11. The Revd John Glover interpreted the reasons for the decision rather differently: "Seemingly, the Children's Society is realigning itself in the voluntary sector to become a social justice organisation. The advocacy in Wales did not seem to fit into that kind of pattern and I suppose is not seen as being politically glamourous enough because the idea is that the Society is able to influence government by the work it does".[15] The Chief Executive rejected this suggestion, arguing that it was a common view within the world of children's charities that project work and lobbying had to go hand-in-hand if they were both to be effective.[16] This view was reflected by the Parliamentary Under-Secretary of State for Health, Hazel Blears, who said in the course of a debate on the Children's Society that the most effective lobbyists of Government are those organisations which are involved in running projects and the best and strongest cases are made from the evidence that people find from their work on the ground.[17]

12. Another argument in favour of withdrawing from Wales was that "to continue in Wales would have made operations in both countries unstable".[18] Lady Toulson told us that "it has been made clear to [Trustees] by management that were we to ... keep Wales open for business the Society would implode".[19] We were disappointed that witnesses were not able to offer any further explanation of this view or evidence in support of it. The Chief Executive told us that "it was the judgement of the Director for Children and Young People which we discussed with her in some detail. It has to be a judgement. It is not a financial, mathematical calculation. It is a judgement of a manager about the impact of making further closures in England".[20]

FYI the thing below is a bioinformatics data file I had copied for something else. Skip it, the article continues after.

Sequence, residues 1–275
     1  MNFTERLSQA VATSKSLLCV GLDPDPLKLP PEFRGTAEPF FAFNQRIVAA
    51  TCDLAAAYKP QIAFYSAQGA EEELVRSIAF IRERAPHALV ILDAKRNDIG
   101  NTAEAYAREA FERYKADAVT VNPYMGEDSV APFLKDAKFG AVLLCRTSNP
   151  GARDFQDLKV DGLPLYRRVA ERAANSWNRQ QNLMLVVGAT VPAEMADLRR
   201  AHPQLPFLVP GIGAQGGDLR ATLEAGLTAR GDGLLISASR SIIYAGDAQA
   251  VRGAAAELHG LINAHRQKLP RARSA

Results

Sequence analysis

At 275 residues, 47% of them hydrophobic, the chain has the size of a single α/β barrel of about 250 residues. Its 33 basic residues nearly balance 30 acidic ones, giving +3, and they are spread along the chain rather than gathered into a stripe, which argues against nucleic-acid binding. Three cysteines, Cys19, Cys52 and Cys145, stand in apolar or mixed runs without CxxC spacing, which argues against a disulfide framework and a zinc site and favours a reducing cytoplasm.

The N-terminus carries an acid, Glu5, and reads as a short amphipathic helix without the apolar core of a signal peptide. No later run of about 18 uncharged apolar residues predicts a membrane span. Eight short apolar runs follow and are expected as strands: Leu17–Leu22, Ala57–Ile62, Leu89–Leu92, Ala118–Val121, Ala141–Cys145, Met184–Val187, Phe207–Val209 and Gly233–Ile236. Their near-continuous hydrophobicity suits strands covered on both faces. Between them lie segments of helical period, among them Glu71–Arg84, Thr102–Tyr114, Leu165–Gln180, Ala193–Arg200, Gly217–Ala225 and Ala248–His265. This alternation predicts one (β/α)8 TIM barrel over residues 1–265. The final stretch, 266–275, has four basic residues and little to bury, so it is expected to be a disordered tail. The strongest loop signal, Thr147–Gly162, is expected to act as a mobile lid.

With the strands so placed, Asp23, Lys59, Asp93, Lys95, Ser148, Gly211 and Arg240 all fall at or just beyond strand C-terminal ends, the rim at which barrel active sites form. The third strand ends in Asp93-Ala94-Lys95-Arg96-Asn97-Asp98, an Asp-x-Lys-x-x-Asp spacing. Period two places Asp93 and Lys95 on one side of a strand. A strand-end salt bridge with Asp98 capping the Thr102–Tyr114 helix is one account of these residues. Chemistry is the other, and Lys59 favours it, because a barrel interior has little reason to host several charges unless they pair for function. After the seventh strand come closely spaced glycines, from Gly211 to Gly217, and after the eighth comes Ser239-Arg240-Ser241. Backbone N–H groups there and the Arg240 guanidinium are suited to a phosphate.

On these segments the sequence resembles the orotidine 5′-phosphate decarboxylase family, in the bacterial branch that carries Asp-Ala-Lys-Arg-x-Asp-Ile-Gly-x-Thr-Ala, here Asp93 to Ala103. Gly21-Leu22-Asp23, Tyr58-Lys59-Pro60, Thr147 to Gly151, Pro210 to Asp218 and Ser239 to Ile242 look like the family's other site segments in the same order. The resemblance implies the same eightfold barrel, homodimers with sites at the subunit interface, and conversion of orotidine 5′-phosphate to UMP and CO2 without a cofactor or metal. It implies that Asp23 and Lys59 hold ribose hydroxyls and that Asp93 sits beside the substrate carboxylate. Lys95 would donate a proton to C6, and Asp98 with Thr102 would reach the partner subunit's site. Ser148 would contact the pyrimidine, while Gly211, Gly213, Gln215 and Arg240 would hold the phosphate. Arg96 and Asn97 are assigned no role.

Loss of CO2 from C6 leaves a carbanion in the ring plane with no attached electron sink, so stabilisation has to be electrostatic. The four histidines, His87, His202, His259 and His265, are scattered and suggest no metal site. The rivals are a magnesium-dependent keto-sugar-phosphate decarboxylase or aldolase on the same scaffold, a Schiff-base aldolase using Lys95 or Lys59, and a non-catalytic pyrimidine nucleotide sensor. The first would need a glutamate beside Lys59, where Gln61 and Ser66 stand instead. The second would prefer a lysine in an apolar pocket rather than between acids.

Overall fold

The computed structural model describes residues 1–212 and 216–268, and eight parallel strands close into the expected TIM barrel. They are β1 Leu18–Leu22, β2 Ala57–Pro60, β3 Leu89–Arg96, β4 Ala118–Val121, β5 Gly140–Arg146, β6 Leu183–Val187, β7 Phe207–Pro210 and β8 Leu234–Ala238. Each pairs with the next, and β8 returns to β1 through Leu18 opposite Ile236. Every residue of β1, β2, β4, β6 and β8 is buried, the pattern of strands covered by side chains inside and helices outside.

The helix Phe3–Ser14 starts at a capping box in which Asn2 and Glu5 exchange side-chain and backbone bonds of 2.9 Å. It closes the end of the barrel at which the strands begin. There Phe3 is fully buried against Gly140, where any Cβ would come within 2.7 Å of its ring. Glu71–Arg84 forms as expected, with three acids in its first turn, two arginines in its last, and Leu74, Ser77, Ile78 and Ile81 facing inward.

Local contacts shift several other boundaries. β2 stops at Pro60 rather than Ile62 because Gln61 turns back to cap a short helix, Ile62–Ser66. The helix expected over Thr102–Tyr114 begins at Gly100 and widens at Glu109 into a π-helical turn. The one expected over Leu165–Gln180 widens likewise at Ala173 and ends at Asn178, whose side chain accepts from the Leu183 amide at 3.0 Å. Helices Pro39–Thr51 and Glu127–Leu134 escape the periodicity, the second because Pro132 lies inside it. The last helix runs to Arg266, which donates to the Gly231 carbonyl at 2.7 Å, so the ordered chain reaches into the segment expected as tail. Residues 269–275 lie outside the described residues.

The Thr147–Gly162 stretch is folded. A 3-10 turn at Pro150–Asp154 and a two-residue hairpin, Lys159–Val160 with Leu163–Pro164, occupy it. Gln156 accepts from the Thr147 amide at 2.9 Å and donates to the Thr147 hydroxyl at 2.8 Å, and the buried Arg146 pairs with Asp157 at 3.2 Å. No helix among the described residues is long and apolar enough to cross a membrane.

13. A third reason offered for the decision was the cost of operating in Wales. The Director of Finance and Administration pointed out that operating in two countries required two influencing functions.[21] There were cost savings to be made from withdrawing from Wales, in addition to those provided by the closure of individual projects, such as the closure of regional offices. He also suggested that the Society's work in Wales was more expensive, per child, than that in England.[22]

14. It is reasonable and desirable for a charitable organisation which is required to make expenditure cuts to do so in such a way as to maximise the benefit derived from its remaining expenditure. However, it seems that in this case the problem is not that the cost of serving a child in Wales is greater than the cost of serving a child in England but that, according to Mr Nall, "the area of [the Society's] work which is the most expensive to run in terms of the voluntary income received and the contribution which has to be made from the central funds is Wales".[23] Mr Nall acknowledged that Wales's comparative poverty—Wales is ranked 11th out of the 12 UK regions in GDP per capita[24]—might be one reason for this. The Society views this situation as "subsidising its work in Wales from donations made in England".[25] Others might describe the use of money raised voluntarily in richer areas to fund the provision of services in poorer areas as one of the defining functions of a Christian charity.

15. Finally, it was suggested that the cost of Welsh language provision made the cost of providing a service in Wales more expensive in absolute terms than the cost of providing a similar service in England.[26] The Revd Mr Glover indicated that he had told the Trustees at their meeting in October that it was unacceptable to use the cost of Welsh language provision as a reason for pulling out of Wales.[27] The Chief Executive of the Welsh Language Board, Mr John Walter Jones, wrote to us on the day after the meeting in response to this suggestion.[28] He pointed out that the Welsh Language Act does not place any requirement on charities to fulfill their work through the medium of Welsh, but that the Children's Society, in common with over 50 other charities, had agreed a voluntary Welsh Language Scheme with the Board.[29] The Scheme includes a statement that: